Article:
• Describe in which format the results are going to be reported, and how they’re going to be measured. How are you going to track the number of cases that passed or failed or, the percentage of requirements covered? You may use a common template that includes a test summary report, the execution, defect, coverage, and the test analysis report.

10. Risks and Issues

As the master of horror and supernatural books, Stephen King said, “There is no gain without risk.” The same goes for projects. There’s no project without risks, and just ignoring them would be futile. Therefore:

  • List and categorize all possible risks, and issues that could come up during testing. A typical example is when suddenly, one of the most experienced testers is off sick. What are you going to do when you already have limited resources, and time?
  • Prepare a mitigation and backup plan for each risk that may occur. In some situations, having a replacement tester trained and ready to step in (e.g., in case someone is sick) can save your bacon. 
  • Identify a responsible party for executing the backup plan should the worst happen. When you’re in the middle of a test, the last thing you want is to see all those hours spent on it going down the drain because you didn’t have a backup plan. 

There you have it. These were the key essential items a top-scoring software testing strategy should encompass. By the way, don’t forget to list the names and roles of those who reviewed and approved the strategy.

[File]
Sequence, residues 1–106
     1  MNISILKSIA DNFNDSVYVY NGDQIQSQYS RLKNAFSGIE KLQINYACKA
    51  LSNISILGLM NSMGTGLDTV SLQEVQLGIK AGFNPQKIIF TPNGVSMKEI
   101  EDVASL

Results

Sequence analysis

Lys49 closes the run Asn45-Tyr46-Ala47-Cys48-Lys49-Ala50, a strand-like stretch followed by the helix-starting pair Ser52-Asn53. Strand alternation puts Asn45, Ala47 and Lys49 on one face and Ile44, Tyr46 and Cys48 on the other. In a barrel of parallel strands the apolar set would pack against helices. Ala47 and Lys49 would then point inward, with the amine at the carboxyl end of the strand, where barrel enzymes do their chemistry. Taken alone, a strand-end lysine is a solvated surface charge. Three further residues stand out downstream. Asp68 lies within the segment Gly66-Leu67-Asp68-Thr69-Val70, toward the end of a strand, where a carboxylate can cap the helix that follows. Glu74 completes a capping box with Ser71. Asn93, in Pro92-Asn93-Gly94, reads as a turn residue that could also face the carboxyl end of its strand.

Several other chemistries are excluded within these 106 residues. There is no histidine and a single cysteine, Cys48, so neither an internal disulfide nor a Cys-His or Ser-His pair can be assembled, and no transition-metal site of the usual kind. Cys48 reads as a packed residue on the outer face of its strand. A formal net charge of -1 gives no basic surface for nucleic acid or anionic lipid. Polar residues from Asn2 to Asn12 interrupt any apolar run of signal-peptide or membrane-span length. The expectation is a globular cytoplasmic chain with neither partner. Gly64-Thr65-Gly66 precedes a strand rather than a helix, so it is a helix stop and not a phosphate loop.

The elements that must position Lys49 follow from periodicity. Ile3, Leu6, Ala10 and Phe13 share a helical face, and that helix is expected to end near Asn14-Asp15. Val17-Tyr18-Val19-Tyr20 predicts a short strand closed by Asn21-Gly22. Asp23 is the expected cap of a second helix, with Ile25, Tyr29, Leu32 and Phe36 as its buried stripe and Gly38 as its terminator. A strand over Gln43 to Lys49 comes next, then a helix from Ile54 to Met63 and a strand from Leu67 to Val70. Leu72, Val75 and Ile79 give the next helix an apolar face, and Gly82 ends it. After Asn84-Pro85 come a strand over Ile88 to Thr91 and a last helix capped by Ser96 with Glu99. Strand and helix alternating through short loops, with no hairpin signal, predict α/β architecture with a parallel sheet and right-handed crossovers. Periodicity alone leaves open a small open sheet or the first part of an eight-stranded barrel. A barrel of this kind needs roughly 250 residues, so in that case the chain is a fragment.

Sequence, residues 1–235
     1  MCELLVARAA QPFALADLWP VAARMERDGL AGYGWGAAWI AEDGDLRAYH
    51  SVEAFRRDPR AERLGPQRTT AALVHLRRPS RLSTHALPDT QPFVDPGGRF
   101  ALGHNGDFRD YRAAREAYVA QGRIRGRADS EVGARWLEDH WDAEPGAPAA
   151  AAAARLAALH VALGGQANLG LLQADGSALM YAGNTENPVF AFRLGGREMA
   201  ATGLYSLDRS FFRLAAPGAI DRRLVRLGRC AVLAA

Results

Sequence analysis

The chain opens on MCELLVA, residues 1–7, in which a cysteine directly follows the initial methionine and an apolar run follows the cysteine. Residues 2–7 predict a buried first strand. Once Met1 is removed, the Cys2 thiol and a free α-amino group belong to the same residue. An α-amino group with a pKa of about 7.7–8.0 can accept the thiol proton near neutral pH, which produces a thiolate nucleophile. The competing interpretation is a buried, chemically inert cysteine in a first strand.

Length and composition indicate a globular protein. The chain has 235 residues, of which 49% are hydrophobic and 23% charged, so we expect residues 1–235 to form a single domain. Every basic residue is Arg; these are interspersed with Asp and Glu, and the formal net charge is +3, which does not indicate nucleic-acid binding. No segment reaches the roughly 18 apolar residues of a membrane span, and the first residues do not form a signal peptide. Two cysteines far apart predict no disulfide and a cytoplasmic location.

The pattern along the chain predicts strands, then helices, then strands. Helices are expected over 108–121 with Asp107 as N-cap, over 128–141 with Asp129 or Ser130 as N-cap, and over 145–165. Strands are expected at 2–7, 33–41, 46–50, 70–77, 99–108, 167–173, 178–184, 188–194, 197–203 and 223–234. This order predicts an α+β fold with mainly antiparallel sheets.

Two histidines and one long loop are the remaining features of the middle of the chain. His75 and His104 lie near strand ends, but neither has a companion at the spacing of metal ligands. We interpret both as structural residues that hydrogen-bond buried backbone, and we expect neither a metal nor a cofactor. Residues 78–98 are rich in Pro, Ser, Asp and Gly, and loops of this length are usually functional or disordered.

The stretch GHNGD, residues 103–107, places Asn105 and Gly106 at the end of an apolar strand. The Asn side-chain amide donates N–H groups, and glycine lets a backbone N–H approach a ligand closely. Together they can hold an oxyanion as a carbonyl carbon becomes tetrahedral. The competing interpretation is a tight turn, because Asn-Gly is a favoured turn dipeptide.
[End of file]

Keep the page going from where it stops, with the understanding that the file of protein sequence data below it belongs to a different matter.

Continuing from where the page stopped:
Do you want additional guidance to help you create your brand-new software testing strategy? Check out the following resources for further tips and ideas:

So, based on what you’ve discovered today, what is the software testing strategy that you think would work best for your organization and projects?

Final Thoughts on What a Software Testing Strategy Is and What It Should Cover

If you’re aiming to release top-quality and secure products, having a well thought out software testing strategy will put you on the right path. Add to it the OWASP secure coding practices and the code review checklists mentioned in this article, and you’ll immediately see the difference. 

Creating a compelling test strategy will help you select the right tests for the right reasons. It’ll make your whole testing system more effective and ensure that the product will be released in production without any major unaddressed issues. Just be sure your strategy covers all the essentials you’ve learned today, including:

  • What you’re testing and why,
  • Which items should be prioritized,
  • In which priority is each risk and security issue going to be addressed, and
  • What it’s going to be tested and when.

Remember: A test is only as good as the strategy behind it. Invest some time into developing your software testing strategy, share it with your peers to get their unique perspectives and feedback, and get ready to shine!